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Column: Short Changing the Education

Last week I addressed the House of Delegates to express concern that Governor McDonnell’s proposed budget short changes the education of our children (http://youtu.be/-VbOv_uJXOU).

While the Governor is claiming to provide about 500 million new dollars for public education, school boards and superintendents around the Commonwealth are talking about the cuts in programs and teachers they will need to make because of the loss of state aid in his budget.

The differences in the two perspectives can be explained in how the budget is constructed. Every two years the formula for funding schools is adjusted in a process called "rebenchmarking" to ensure that the formula reflects the realities of school population increases, inflation, standards changes and other factors. This year there was a partial rebenchmarking of the formula, and the result is that the cost of schools appears artificially low. The costs left out of rebenchmarking included some inflation, federal funds, and cost to compete. The Governor’s increases are added to an understated budget.

In order to calculate the benchmark for school costs without the arbitrary adjustments made by the Governor, the Appropriations Committee staff calculated that an additional $99.2 million would be required in the first year and $100.5 million in the second year. I introduced budget amendments to restore the cuts in funding.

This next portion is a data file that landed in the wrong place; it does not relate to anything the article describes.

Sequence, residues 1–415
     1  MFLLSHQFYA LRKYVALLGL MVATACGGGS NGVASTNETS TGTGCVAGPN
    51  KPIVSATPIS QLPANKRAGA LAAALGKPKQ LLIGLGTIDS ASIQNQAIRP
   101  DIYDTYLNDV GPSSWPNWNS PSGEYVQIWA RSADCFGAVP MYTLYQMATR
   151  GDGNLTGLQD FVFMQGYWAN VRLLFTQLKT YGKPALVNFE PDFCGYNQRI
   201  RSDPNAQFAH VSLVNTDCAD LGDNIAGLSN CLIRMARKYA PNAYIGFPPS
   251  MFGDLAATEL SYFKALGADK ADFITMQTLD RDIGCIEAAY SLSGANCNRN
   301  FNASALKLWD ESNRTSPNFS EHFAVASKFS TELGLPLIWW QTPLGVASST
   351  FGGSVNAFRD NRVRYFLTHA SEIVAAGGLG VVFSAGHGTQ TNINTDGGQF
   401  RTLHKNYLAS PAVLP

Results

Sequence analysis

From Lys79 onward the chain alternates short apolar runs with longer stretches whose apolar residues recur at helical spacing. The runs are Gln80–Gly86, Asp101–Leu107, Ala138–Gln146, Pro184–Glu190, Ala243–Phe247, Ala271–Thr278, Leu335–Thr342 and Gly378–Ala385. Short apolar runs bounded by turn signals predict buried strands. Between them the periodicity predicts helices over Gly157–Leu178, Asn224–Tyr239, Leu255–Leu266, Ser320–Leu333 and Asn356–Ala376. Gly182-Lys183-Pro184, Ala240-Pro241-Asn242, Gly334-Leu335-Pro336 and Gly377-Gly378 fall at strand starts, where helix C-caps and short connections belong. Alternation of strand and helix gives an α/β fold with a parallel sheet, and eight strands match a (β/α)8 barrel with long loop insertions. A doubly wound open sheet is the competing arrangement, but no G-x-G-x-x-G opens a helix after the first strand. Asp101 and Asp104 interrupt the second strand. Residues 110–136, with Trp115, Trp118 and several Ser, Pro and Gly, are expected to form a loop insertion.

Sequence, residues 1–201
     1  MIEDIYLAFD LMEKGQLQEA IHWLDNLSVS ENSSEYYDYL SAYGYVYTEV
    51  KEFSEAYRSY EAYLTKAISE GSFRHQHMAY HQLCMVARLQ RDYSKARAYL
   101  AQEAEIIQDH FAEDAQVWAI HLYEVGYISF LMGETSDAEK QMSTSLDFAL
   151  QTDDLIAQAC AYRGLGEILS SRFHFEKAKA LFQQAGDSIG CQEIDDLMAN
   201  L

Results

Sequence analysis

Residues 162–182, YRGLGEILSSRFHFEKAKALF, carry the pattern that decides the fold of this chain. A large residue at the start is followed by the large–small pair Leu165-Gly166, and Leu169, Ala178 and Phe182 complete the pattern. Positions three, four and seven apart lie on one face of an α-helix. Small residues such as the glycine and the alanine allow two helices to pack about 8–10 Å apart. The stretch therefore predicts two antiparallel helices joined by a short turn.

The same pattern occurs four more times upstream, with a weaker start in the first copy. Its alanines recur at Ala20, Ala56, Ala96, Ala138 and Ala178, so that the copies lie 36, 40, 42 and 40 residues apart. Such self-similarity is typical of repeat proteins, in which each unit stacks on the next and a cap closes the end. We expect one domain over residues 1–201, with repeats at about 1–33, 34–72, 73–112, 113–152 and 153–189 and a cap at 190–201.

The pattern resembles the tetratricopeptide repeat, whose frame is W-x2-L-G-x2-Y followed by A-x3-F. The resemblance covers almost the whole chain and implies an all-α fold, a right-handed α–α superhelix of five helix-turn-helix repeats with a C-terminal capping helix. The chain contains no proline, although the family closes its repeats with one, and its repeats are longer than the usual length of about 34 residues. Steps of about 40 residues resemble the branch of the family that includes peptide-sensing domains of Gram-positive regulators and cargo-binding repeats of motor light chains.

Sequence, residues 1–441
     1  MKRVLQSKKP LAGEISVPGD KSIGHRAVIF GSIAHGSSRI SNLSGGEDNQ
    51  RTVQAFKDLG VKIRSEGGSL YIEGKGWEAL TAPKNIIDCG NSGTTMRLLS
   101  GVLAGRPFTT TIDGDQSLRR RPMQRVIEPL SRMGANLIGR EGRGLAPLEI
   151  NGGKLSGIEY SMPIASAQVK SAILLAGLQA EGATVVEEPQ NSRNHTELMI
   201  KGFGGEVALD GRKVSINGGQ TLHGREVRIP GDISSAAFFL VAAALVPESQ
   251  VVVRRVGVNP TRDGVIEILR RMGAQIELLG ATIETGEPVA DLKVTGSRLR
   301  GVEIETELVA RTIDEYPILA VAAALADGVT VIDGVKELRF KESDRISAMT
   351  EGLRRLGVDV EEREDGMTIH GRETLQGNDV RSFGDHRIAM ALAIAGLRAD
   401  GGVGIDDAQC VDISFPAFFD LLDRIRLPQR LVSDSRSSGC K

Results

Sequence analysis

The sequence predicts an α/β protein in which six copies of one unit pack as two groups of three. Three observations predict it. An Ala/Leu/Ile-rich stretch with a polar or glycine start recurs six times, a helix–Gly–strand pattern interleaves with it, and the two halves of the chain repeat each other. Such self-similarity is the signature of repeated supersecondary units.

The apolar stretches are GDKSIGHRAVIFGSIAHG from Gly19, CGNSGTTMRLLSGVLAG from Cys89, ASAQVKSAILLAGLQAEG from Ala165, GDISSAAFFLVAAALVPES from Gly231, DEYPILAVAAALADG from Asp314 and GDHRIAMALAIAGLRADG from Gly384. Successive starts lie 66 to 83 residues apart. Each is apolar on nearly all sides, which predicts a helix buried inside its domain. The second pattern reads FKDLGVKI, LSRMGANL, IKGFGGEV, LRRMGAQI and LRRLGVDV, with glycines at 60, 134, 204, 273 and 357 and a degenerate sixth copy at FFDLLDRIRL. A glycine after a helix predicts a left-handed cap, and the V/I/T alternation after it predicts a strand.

In an analysis done for local governments to determine the cost to local government of the rebenchmarking policy changes, it is estimated that half of local governments will need to increase the real estate tax by at least two cents to make up the difference and in seven localities the increase would be five cents of the real estate tax rate. I told legislators not to go home bragging that we did not raise taxes. Our continued policy of devolution of costs for public education is the main driver in property tax increases.

The Commonwealth Institute measures our state’s declining support for education another way. They found investment in education has fallen from 2.33 percent of personal income FY2007 to roughly 2 percent in the next biennium.

Keep in mind that Virginia is the 8th wealthiest state in per capita personal income in the nation. Yet our per-pupil spending from state sources is 35th lowest in the nation. Our average teacher’s salary is $4,510 below the national average. At the end of the next biennium we will be running our schools on $547 less per pupil than in 2009. We already have 2,116 fewer teachers in our schools today than we did in 2009, but we have about 45,000 more students.

As I told members of the House, it is time that we stop short changing the education of our children.